ESARO ERITREA: FEATURE STORY
© UNICEF Eritrea/2008
A doctor measures a child’s upper arm circumference to check for malnutrition.
SAVING A GENERATION OF ERITREAN CHILDREN THROUGH PROPER NUTRITION
It is 7 a.m. The clinic is already a beehive of activity, a cacophony of colour and chatter as women from all corners of the village converge on the modest building. Amidst the chatter, a child cries, another sneezes, a few women exchange pleasantries. Outside, a tended donkey honks as a two-wheeled scotch car approaches to deliver a woman and her three children. Some come on donkey carts, others on foot. Arriving at the same time is an age-old grandmother with a small child on her back. Looking frail and exhausted, Hawa has walked for two hours from her village Tsawra to bring her granddaughter to the health station. The event is a vitamin A supplementation drive. “I carried the baby and travelled here all the way for the supplementation. I had to help my daughter because she is ill,” she says.
With close to 80 per cent of the population relying on agriculture and pastoralism for their livelihood, the burden of child rearing falls mostly on women, as men are involved with farming and tending to livestock. For many women like Hawa, it is a duty to take the children for vitamin A supplementation and other health services. But even as the health station is bursting at the seams for this campaign, the turnout belies the status of nutrition countrywide.
According to the nutrition surveys conducted by the Ministry of Health, global acute malnutrition among children under age five ranged between 11 per cent and 21 per cent in 2005–2006. This includes micronutrient deficiencies among children under age five: iodine (25 per cent), iron (34 per cent) and vitamin A (42 per cent). Vitamin A deficiency poses a major threat to the health and survival of children and mothers. These effects extend much further than blindness alone: it is now known that the deficiency increases the risk that a child may die from diseases such as measles and diarrhoea, which contribute to over one third of under-five deaths in Eritrea. Vitamin A supplementation provides a highly cost-effective way to improve child survival. Each vitamin capsule, which costs less than 1 Nakfa (0.06 cents), can increase a child’s chances of survival by up to 25 per cent. In fact, in countries where mortality among young children is high, vitamin A supplementation may be the single most cost-effective child survival intervention.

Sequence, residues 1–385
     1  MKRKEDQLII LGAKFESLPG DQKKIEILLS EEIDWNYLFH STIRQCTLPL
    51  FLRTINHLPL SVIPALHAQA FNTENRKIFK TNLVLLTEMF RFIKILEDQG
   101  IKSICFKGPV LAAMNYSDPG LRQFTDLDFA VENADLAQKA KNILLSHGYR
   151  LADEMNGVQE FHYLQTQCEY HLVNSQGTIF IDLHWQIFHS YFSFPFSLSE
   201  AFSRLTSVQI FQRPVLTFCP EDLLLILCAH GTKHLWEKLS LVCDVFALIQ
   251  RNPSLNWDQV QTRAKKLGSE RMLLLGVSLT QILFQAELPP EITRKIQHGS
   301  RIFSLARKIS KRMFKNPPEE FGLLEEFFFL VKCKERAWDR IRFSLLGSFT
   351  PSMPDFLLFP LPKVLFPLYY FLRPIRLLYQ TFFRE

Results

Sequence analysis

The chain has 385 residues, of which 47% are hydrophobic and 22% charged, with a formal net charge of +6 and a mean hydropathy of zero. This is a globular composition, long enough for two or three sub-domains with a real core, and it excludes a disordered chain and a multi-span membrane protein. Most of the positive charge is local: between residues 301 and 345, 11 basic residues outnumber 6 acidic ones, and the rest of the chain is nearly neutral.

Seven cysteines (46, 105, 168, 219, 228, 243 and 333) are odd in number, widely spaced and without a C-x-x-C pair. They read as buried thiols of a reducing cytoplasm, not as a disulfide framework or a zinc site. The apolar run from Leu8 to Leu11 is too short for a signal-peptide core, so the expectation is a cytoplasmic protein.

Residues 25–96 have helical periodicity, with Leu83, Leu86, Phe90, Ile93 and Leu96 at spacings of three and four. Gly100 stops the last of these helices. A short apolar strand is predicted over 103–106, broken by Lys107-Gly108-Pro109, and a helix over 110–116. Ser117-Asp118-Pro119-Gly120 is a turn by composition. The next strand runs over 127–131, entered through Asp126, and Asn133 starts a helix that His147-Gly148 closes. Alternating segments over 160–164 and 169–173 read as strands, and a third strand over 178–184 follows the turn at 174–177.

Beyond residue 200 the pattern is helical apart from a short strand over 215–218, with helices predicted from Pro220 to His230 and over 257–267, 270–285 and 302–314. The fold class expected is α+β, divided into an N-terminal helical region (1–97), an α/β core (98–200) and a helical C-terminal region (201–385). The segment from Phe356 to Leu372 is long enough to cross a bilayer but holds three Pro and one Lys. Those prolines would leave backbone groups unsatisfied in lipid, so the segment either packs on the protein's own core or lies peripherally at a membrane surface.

At the health station, the children are given a few drops of vitamin A. Other services are integrated into the campaign, such as screening of malnutrition using mid-upper arm circumference tapes. The services are much appreciated as they cut the number of trips the villagers have to make to the health station. “We see good things happening comparing to the older days. Out of my experience these visits are very helpful,” Hawa says.
Since June 2006, UNICEF has been supporting the Government of Eritrea to implement the twice-yearly vitamin A supplementation campaign, which has been sustaining a high coverage of more than 90 per cent. The campaigns have in the past been integrated with measles and tetanus toxoid vaccination, advocacy campaigns for handwashing and newborn care to maximize outreach to the population. For each campaign, UNICEF procures vitamin A capsules to cover around 400,000 children aged 6–59 months. In order to reach the remotest corners of Eritrea, intensive community mobilization and information campaigns were carried out with UNICEF’s support to inform the communities about the importance of vitamin A supplementation. Donkeys and camels were mobilized to deliver supplies to reach all the targeted children, including in harsh mountainous areas.
To address child malnutrition, UNICEF and the Ministry of Health are providing therapeutic and supplementary feeding services targeting severely and moderately malnourished children. There are presently 53 existing facility-based therapeutic feeding centres countrywide and 61 community-based therapeutic feeding sites in four regions, including Debub. UNICEF and the Ministry of Health are in the process of expanding the number of therapeutic feeding centres as well as supplementary feeding. The Ministry of Health with the support of UNICEF continues to supply required therapeutic and supplementary foods as well as essential drugs.
As Hawa and her granddaughter walk out into the billowing sun to trek back home, the nurse encourages her and other women to spread the word to their neighbours about the benefits of taking children to the clinic. It is only their commitment that would ensure that a whole generation of Eritrean children is saved.